I want you to tell me about every person you’ve ever been in love with. Tell me why you loved them, then tell me why they loved you. Tell me about a day in your life you didn’t think you’d live through. Tell me what the word “home” means to you and tell me in a way that I’ll know your mothers name just by the way you describe your bedroom when you were 8. See, I wanna know the first time you felt the weight of hate and if that day still trembles beneath your bones. Do you kiss your friends on the cheek? Do you think that anger is a sincere emotion or just the timid motion of a fragile heart trying to beat away its pain? See, I wanna know what you think of your first name. And if you often lie awake at night and imagine your mothers joy when she spoke it for the very first time. I want you tell me all the ways you’ve been unkind. Tell me all the ways you’ve been cruel.Do you believe that Mary was really a virgin? Do you believe that Moses really parted the sea? And if you don’t believe in miracles, tell me, how would you explain the miracle of my life to me? And for all the times you’ve knelt before the temple of yourself, have the prayers you’ve asked come true? And if they didn’t did you feel denied? And if you felt denied, denied by who[m]?…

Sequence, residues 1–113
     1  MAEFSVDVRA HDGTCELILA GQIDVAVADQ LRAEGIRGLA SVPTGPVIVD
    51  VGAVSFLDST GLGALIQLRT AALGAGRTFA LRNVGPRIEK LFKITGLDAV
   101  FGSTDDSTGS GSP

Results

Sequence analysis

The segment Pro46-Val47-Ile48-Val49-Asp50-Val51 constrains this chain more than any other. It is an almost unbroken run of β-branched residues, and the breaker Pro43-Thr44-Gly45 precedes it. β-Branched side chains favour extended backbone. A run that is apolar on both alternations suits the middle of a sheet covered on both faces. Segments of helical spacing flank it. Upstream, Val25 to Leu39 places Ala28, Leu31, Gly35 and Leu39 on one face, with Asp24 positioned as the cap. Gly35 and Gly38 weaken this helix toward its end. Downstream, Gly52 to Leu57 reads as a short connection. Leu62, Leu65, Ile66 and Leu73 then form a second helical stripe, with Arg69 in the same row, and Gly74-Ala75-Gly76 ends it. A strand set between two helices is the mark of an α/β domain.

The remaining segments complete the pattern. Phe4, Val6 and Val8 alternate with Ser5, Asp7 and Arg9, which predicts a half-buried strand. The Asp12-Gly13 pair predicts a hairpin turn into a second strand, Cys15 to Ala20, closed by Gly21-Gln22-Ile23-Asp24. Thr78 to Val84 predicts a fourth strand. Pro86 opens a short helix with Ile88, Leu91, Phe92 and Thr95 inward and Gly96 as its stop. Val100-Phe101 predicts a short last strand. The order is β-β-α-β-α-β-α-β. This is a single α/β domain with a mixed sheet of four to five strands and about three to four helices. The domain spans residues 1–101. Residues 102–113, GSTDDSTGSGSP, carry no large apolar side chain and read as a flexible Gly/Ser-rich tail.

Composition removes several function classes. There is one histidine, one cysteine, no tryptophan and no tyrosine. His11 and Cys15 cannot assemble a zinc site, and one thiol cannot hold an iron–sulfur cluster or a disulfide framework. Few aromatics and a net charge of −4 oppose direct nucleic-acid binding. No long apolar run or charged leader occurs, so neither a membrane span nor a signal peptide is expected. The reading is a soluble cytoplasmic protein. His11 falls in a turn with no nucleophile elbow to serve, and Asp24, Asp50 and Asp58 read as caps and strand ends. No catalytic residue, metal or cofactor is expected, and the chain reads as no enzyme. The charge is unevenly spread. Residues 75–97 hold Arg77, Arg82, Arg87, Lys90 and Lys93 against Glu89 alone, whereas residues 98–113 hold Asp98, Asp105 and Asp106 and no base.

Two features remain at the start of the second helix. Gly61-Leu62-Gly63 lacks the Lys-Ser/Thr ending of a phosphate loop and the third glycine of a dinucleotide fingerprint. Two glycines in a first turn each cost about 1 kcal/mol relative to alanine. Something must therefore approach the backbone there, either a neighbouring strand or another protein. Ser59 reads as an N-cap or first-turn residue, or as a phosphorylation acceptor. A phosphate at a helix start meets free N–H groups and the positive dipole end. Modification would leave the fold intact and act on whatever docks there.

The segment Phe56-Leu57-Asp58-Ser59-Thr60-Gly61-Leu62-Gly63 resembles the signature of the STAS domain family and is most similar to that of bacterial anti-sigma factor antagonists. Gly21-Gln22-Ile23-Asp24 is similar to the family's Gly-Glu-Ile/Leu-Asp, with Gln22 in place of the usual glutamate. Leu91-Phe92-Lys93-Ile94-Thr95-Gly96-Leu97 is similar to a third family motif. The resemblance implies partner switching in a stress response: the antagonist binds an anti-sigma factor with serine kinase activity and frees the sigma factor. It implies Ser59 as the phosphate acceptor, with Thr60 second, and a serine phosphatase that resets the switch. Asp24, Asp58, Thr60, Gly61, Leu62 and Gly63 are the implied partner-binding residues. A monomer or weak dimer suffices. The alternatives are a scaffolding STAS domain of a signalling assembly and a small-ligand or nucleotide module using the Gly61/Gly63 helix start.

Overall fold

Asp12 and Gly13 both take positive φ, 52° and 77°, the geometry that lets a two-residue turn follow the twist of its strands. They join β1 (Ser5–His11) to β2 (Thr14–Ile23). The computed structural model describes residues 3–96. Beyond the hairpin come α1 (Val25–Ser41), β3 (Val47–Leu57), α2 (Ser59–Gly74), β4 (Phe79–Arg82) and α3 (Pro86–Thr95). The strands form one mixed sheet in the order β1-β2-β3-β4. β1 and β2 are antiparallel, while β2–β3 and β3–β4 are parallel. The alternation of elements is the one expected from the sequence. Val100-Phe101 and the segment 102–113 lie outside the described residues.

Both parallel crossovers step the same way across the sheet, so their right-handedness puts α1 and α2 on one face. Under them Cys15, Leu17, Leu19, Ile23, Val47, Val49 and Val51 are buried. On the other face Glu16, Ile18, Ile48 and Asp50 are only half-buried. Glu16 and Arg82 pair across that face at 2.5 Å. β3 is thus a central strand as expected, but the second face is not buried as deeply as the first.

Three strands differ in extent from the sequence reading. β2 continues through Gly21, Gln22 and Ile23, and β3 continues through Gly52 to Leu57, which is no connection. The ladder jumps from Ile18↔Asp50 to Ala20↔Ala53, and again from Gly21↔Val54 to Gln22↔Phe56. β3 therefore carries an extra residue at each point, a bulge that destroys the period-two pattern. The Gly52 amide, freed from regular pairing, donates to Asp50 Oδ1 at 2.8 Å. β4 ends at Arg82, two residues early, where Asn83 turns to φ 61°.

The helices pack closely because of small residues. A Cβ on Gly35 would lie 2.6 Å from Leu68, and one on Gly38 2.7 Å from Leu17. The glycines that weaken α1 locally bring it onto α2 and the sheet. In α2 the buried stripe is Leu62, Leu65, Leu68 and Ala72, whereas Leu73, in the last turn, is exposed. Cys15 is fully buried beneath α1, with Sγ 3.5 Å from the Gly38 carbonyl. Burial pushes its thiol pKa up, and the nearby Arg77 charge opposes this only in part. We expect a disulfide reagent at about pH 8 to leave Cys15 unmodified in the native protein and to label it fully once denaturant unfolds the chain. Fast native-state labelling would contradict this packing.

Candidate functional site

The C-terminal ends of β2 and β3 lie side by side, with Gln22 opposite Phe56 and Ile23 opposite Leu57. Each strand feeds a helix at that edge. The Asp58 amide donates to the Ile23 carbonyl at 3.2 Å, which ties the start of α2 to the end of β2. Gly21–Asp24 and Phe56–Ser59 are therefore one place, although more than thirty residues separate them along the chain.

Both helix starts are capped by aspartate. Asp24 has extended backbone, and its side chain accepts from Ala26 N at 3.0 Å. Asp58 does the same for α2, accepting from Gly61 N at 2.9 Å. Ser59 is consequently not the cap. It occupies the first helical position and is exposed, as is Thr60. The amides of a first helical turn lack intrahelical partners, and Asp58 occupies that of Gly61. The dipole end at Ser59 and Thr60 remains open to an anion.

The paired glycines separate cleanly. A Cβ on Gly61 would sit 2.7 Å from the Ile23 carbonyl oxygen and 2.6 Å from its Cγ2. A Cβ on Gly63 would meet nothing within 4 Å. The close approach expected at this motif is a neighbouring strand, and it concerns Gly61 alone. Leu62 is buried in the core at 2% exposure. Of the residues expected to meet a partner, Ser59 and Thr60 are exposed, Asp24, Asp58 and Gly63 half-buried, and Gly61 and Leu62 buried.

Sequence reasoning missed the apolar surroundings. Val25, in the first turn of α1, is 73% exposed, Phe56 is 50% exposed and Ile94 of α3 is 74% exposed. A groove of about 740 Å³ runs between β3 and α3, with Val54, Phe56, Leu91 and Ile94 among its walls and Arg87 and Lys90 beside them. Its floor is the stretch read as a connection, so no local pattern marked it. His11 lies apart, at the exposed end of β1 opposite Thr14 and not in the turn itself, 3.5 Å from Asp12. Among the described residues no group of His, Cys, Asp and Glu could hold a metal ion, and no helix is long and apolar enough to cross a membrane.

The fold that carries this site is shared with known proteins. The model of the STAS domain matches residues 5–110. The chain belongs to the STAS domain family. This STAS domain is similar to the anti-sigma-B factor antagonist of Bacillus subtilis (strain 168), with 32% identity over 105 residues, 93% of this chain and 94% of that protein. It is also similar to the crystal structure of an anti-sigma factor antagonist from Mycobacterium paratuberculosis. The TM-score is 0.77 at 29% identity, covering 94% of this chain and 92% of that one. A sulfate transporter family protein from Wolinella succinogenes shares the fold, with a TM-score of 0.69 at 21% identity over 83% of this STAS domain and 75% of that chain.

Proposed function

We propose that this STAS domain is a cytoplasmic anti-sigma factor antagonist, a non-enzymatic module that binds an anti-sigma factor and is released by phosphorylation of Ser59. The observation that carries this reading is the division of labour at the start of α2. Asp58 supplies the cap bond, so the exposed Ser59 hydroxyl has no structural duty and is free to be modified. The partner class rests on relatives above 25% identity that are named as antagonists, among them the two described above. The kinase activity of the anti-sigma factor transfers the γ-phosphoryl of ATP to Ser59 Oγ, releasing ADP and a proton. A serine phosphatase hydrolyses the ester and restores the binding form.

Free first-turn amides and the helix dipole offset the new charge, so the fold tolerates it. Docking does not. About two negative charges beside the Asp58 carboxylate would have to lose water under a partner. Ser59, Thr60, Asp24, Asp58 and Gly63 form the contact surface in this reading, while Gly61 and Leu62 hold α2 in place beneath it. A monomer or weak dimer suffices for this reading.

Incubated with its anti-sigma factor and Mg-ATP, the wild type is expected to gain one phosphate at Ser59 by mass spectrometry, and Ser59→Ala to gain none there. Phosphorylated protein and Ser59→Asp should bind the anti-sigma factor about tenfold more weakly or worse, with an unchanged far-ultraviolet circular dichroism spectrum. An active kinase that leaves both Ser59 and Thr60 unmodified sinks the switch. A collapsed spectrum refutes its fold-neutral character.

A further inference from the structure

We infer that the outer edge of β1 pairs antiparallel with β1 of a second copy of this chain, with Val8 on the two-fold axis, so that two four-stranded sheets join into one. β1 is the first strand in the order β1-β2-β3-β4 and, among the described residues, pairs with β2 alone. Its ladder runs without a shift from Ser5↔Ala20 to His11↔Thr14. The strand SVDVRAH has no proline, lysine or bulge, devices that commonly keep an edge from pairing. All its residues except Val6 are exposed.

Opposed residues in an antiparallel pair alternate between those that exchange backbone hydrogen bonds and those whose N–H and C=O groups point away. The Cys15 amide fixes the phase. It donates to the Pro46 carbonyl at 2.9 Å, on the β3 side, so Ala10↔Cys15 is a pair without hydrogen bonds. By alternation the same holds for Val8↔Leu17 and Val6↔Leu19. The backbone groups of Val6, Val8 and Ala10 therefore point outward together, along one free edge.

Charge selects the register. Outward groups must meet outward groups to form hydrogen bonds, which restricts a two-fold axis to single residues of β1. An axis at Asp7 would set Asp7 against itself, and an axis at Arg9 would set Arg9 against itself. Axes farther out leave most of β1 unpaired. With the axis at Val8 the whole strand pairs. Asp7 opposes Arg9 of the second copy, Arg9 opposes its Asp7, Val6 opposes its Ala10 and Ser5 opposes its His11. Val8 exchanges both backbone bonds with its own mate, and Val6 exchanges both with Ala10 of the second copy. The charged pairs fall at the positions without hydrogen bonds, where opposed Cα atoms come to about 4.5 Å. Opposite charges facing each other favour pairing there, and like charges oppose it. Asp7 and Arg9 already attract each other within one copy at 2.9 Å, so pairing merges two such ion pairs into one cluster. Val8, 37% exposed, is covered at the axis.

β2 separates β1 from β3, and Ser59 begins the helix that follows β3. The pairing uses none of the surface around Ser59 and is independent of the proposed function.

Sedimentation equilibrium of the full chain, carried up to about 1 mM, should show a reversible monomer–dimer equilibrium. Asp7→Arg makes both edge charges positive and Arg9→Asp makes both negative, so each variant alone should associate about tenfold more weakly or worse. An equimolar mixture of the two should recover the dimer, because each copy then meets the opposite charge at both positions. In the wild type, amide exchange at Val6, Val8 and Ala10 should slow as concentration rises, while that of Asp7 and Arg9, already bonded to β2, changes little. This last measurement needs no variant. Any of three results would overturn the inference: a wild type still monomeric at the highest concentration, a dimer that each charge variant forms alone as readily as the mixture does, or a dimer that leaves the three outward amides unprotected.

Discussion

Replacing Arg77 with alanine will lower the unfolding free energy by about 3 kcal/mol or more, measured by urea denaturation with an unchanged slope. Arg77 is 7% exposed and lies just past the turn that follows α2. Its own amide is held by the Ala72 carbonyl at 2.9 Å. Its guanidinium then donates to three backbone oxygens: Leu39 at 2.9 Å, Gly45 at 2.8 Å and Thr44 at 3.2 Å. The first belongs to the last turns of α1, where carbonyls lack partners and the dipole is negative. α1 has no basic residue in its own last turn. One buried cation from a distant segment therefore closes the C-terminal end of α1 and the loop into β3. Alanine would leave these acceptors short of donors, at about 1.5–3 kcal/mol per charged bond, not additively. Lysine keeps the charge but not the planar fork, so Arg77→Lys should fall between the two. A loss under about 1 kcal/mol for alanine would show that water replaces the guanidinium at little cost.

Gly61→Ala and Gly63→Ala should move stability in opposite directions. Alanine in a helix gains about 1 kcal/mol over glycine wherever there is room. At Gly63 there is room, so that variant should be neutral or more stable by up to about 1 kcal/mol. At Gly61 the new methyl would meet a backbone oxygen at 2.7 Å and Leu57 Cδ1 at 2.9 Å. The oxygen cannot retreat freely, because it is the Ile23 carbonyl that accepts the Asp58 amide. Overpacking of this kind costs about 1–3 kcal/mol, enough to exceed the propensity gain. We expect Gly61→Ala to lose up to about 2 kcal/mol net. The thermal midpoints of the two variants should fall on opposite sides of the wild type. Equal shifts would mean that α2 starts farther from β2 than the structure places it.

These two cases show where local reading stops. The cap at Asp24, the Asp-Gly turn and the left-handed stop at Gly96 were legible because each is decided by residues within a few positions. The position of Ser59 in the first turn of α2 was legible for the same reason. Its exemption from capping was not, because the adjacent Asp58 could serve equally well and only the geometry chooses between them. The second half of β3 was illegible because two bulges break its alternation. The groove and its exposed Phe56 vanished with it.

The core wound of separation is when consciousness gets lost in identification with form.
— Amoda Maa
It’s almost impossible not to get lost in identification with form. It’s almost impossible to see the tragi-comedy we each live as a “wound of separation.” Some ancient stories advise us to live the drama wholeheartedly as if it’s real even though we know it’s not, that it’s a theater of the heart. The most real thing about it is pain and pleasure and how we learn from them. How we learn to see, love and understand, or not. Our bodies, our social constructs, give us vehicles for spirit and soul to experience the meaning of living either in separation or in connections of the heart.
Inability to see the interconnections throughout existence traps us in a mirage of separation. We imagine our discrete physicality defines us energetically. Our senses aren’t sharp enough to notice how everything is tied to everything else, how the wings of a butterfly may set the storm in motion. The drama is very engaging, it’s…